Godfrey had initially stepped out to cut off a passing lane to the player between RB and CB. Subsequently, right-winger, Williams has drifted inside, between the lines, to the vacated space left by Godfrey, which then led left CB Mat Sadler to step up. This opened up a large amount of central space that could have been exploited with some nice interplay if not for Godfrey’s recovery challenge. He intelligently placed his sizeable body between Williams and the ball, and used his strength to regain possession, then sensibly releases the ball quickly before reverting to his original, screening role.
In this 2017/18 League One season, Godfrey won an impressive 69.52% of his defensive duels per 90 as well as a very solid 7.38 interceptions per 90, playing at CM.
A similar situation occurred away at Stoke last season, though he was in his now regular CB role there.
In this phase, the ball has been flicked on centrally from a goal kick by Irish wing-back James McClean into the feet of youngster Thibaud Verlinden. The highlighted Norwich players, Kenny Mclean and Tom Trybull are the designated central midfielders for this game, but both aren’t occupying their zone. It was left to Godfrey to engage with Verlinden to prevent him driving into space or releasing either Sam Clucas, who had got goal side of right-back Aarons, Benik Afobe who was in the half-space further forward or an overlapping Joe Allen, also driving into the half-space offensive position. Instead, Godfrey efficiently dispossessed Verlinden, utilising the physical superiority he had, thus leaving advanced Stoke players on their heels in forward-facing positions and opening up the opportunity of a counterattack.
Both of the aforementioned examples are great instances of Godfrey preventing danger before it can develop, showing his game intelligence, and also using his physicality to make effective, efficient tackles.
Daniel Farke’s tactics at Norwich is very reliant on the two youthful full-backs getting forward and supplying the width, mainly due to Buendia’s and Todd Cantwell’s tendency to drift inside and attempt to create overloads centrally. As you would expect this leaves a lot of gaps in the channels for pacey, tricky wingers to exploit. Therefore it is not uncommon for Godfrey to have to step across and shepherd or chase down dribbling runners from deep. Luckily Godfrey’s youthfulness, he’s only 21, means he has the pace to catch up.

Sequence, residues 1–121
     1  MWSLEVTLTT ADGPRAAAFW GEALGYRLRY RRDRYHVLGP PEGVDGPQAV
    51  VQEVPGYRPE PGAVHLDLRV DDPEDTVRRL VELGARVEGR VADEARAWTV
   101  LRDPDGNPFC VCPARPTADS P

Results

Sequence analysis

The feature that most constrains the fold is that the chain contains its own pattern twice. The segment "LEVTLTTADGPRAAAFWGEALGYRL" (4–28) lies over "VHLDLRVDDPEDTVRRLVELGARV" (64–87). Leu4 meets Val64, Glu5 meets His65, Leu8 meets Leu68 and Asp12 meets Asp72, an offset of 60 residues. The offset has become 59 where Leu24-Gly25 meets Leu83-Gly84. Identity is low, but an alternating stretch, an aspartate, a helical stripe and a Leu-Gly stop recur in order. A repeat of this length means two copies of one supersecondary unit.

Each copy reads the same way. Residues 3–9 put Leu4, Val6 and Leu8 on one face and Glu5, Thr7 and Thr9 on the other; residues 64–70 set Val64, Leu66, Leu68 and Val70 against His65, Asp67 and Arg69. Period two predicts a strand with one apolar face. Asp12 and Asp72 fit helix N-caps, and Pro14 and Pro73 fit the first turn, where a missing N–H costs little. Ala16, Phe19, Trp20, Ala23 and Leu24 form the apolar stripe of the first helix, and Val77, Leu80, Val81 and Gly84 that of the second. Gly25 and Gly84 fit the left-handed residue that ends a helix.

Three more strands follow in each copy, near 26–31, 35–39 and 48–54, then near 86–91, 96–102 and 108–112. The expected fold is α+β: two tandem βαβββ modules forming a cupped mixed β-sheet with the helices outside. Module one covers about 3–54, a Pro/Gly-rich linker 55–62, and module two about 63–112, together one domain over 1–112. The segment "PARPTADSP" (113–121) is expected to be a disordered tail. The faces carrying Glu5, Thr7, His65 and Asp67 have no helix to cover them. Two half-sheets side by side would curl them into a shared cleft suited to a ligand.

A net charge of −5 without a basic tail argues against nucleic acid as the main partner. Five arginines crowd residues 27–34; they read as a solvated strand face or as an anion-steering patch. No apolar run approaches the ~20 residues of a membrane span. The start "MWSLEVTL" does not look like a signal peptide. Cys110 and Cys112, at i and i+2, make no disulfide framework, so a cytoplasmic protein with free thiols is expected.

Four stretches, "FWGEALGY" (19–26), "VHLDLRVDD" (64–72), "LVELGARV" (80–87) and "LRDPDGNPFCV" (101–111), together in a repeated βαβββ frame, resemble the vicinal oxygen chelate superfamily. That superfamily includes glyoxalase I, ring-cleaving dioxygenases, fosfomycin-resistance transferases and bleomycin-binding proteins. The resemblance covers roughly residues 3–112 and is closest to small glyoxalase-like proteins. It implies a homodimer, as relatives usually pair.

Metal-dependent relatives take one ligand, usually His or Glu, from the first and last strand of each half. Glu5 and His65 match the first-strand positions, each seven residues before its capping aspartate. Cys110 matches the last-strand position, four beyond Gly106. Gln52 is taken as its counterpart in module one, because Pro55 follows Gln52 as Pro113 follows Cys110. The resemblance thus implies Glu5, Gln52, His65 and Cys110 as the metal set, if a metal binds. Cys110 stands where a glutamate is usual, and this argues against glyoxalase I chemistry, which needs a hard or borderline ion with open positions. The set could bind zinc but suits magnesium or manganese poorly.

This is demonstrated in the image below.
Burnley winger Dwight McNeil has attracted fellow England U21 international Aarons into a position far too advanced for a right-back. Typically McNeil knocks it into the channel where other centre back Ibrahim Amadou should be protecting, but a clever diversion run towards the ball from Ashley Barnes has dragged him away. Now Chris Wood, scorer of the two match-winning goals in this match, has got open space to run into and hold the ball up until help arrives. However, Godfrey is not flat-footed and again calmly takes the ball off the Aussie forward before making a swift driving run and a line-breaking pass into Stiepermann.
Though against weaker opposition last season Godfrey won 73.4% of defensive duels in his new centre-back role, in addition to an average of 9.67 recoveries per 90. Farke did in fact convert him to a centre-back role for the 18/19 season, playing there for the first time in his career. After a 3-1 win away at then Premier League Cardiff in the Carabao Cup last season Farke was quoted saying, “He has all the ingredients to be an outstanding centre-back, world-class,” and interestingly, when talking about him playing in midfield for Shrewsbury, “In midfield you have less time so you improve your ball control in tight situations and your technique.” I think it’s fair to say these midfield experiences have definitely helped refine his ability with the ball.
Since getting his chance against Bolton Ben Godfrey hasn’t let this opportunity slip away. He has put in some brilliant performances against the likes of Leeds, at a hostile Elland Road, and helped defy the odds in an iconic underdog win against champions Man City.
If he can do some personal analysis to iron out some silly mistakes, usually positionally, along with making the Norwich defence more resolute as a whole, then I don’t see any reason why he can’t stake a claim for Gareth Southgate’s Euros squad.